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Manny Pacquiao Has “The Look”
By Martin Wade (May 7, 2004) 
Manny Pacquiao - Photo © J.P. Yim
We all know the look, brows furrowed, eyes that tell of poverty and the intent to bring malice. Its forebears are men of menace, men from places like the Mississippi Delta and Panama. There is no pretense in a man who has the look, to them there is no plan B, to them “B” is for brutality. This look is neither the cool reserve of the stylist nor the gunslinger confidence of the athlete. Men with “the look” punch through the target with every intention of vaporizing any boxer willing to stand in with him. Manny Pacquiao is such a man; on the brink of featherweight stardom he represents a glorious tradition as a fighter that old timers reverentially refer to as “an animal”.

Since father time laid claim to Roberto Duran and Mike Tyson succumbed to personal demons the role of boxing’s “animal” has become dormant. Fans wanted badly for the brash Ricardo Mayorga to be that angry man with “the look”. Ricardo’s power, crude demeanor and Latin machismo drew comparison to Duran, but only to the naked eye. Manny Pacquiao is more appropriate to walk in Duran’s shoes; his ability to combine ferocity with deceptive craftiness was a Duran trademark. Pacquiao’s speed, balance and compact punches allow him to birth dazzling combinations overwhelming opponents who try to mount a resistance. Manny Pacquiao is so sure of his ability to conquer the best at 126-130 that he’s laid down the gauntlet to the great Mexican warriors (Marquez and Morales) without a hint of reservation. His pledge to gain supremacy over the great Mexican fighters (beginning on Cinco De Mayo weekend!) is either a sign of lunacy or the stuff of legend.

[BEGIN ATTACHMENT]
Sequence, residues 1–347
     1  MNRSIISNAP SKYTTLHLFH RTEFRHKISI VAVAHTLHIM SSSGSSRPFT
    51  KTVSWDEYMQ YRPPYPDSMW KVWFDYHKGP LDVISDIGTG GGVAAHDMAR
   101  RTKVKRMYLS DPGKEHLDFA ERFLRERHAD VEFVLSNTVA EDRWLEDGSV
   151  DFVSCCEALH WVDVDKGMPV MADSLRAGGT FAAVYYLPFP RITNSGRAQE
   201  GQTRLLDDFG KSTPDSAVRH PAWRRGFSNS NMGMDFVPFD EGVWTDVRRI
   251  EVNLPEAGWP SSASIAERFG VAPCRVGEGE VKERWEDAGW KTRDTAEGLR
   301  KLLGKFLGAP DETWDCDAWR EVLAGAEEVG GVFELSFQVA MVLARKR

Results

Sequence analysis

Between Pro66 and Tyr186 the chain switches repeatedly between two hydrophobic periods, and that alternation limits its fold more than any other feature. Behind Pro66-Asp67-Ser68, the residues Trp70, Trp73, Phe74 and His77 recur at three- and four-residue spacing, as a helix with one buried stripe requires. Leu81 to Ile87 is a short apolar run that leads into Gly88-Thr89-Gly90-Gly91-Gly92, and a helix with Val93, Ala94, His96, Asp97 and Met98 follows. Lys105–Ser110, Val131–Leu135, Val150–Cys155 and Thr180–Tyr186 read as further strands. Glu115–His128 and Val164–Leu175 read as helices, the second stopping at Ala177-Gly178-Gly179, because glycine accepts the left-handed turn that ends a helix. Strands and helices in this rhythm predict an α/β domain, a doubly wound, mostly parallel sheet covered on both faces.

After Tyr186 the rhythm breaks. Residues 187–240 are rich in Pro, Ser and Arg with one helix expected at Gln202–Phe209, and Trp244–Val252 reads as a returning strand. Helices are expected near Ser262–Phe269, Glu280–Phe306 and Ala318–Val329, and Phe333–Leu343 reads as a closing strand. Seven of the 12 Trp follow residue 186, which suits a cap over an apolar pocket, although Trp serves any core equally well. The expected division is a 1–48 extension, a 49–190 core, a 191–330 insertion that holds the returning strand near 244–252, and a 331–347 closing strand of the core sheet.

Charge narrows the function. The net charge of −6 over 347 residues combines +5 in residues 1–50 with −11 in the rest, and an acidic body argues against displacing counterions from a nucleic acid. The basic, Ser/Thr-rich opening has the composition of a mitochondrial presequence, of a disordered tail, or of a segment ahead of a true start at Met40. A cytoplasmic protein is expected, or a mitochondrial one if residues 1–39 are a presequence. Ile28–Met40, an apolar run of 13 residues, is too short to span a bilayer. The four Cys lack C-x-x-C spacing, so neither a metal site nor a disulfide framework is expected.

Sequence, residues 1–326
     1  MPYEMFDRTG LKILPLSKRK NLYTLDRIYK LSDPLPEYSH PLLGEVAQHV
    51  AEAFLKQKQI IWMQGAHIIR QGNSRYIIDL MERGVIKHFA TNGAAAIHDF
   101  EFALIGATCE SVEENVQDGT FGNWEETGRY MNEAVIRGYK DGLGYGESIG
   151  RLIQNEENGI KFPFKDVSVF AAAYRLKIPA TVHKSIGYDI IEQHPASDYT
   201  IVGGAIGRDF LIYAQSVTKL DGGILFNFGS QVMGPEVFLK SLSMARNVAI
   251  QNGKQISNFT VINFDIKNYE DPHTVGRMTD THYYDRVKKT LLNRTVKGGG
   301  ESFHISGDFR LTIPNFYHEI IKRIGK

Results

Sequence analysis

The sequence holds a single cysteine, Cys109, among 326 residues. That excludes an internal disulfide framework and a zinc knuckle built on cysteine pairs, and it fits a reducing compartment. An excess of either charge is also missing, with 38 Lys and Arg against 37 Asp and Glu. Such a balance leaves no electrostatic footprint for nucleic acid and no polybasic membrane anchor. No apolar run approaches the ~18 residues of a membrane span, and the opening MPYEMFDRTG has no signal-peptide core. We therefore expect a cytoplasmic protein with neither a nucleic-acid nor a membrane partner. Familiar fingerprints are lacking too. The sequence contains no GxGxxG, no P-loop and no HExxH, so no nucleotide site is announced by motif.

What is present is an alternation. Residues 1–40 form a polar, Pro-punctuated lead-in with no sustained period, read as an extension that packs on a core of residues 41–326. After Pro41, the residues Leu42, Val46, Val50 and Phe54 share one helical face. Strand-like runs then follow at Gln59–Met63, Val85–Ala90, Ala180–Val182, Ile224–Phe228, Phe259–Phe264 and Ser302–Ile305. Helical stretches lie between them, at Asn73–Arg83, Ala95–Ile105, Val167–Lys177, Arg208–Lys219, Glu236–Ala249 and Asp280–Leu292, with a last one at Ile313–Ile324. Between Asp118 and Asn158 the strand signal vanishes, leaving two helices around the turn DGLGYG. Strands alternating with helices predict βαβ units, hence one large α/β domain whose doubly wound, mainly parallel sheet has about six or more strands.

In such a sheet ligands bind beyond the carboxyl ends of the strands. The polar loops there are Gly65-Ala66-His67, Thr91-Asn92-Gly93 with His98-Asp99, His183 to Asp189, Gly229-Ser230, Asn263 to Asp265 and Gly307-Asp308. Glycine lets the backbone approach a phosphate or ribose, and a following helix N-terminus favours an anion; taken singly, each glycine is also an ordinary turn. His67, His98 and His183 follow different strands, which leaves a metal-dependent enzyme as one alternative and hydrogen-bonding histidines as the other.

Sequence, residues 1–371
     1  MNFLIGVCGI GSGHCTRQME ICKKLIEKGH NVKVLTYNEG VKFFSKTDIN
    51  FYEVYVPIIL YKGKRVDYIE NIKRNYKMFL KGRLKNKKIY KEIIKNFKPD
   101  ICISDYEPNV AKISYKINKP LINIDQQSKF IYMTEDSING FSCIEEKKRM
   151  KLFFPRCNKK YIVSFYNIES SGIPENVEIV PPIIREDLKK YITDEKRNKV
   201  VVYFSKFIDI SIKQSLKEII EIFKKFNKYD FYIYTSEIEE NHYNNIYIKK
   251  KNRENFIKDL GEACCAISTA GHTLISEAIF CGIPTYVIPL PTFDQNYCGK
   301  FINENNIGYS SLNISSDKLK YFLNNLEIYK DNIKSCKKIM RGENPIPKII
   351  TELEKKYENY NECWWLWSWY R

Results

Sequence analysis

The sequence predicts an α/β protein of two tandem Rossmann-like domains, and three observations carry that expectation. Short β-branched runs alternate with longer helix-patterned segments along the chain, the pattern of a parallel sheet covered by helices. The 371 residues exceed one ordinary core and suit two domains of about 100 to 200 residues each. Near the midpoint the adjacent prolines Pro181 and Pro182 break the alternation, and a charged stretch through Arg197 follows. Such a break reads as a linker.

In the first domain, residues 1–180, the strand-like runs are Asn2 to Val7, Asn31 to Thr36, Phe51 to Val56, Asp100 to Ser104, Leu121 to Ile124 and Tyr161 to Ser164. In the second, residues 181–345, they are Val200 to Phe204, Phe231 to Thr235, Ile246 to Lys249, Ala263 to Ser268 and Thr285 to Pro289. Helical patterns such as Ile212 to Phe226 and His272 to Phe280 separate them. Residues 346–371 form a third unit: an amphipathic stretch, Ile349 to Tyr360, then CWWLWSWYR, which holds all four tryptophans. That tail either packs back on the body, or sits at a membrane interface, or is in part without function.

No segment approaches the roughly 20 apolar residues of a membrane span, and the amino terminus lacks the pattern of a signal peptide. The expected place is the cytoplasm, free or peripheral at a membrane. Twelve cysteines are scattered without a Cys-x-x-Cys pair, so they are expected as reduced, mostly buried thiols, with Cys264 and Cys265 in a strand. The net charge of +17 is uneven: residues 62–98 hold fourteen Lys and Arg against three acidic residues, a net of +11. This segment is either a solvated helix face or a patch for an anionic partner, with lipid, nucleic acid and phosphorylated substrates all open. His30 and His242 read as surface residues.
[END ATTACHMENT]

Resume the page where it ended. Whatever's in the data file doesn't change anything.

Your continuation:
Manny Pacquiao is without question boxing’s “hungry” fighter, but the Filipino is facing an equally hungry man in Juan Manuel Marquez. Both men are the genuine articles inside the ring; both men enjoy advantages that make this fight a “pick em”. But what if you were not a knowledgeable boxing fan and did not know of Marquez’s long road to this fight or his razor sharp counterpunching. Who would you pick? Given all things being equal. Most people would take one look at Pacquiao and sense the little mans danger, “give me the one with the look,” they would say.

Make no mistake, “the look” has been around since the bare-knuckle days and Manny Paquiao is the latest to wear the mask of terror. Manny’s look is not that of the depression era immigrant fighter, yet just as desperate to make his mark. Manny’s look is not the sullen “you don’t know blues like I know blues” look of Sonny Liston, yet to employ his style implies a certain brand of rage. Manny’s look does not resemble the fiery Volatility that a young Duran wore; yet his purpose is one and the same. Manny Pacquiao’s look is almost gleeful, like a toddler about to lay waste to an immaculate room. Manny’s open camp is far from a distraction; he openly courts fans and goes about his work with an impish delight in his own kinetic aggression. Manny Pacquiao has the look of a man who knows what he is capable of and the scales say he’s been prepared to unleash his aggression for a week now.

I for one will be witnessing the clash at a Cinco De Mayo party, fully equipped with a tall Margarita. I’ve picked Marquez by late stoppage, but one look into the dark pools of Pacquiao is enough to make me hedge. If somehow Pacquiao proves me wrong and puts on a performance similar to his destruction of Barrera I wont be surprised. I’ll just take another sip of my drink and say, “what the hell, look at the guy, he’s a freaking animal”.

The War Within

To me the war within will be between Freddie Roach and Manny Pacquiao. Roach will have to be a true jockey and harness the Pacman’s aggression, dictating pace without giving the classy Mexican opportunity’s to exploit Pacquiao’s greed. Roach made it clear to media earlier in the week that he wanted to show angles and create exchanges in which Marquez is the fighter taking the lead.

Until the next “Jones” The boxing junkie.

Questions or comments,
Martin Wade:
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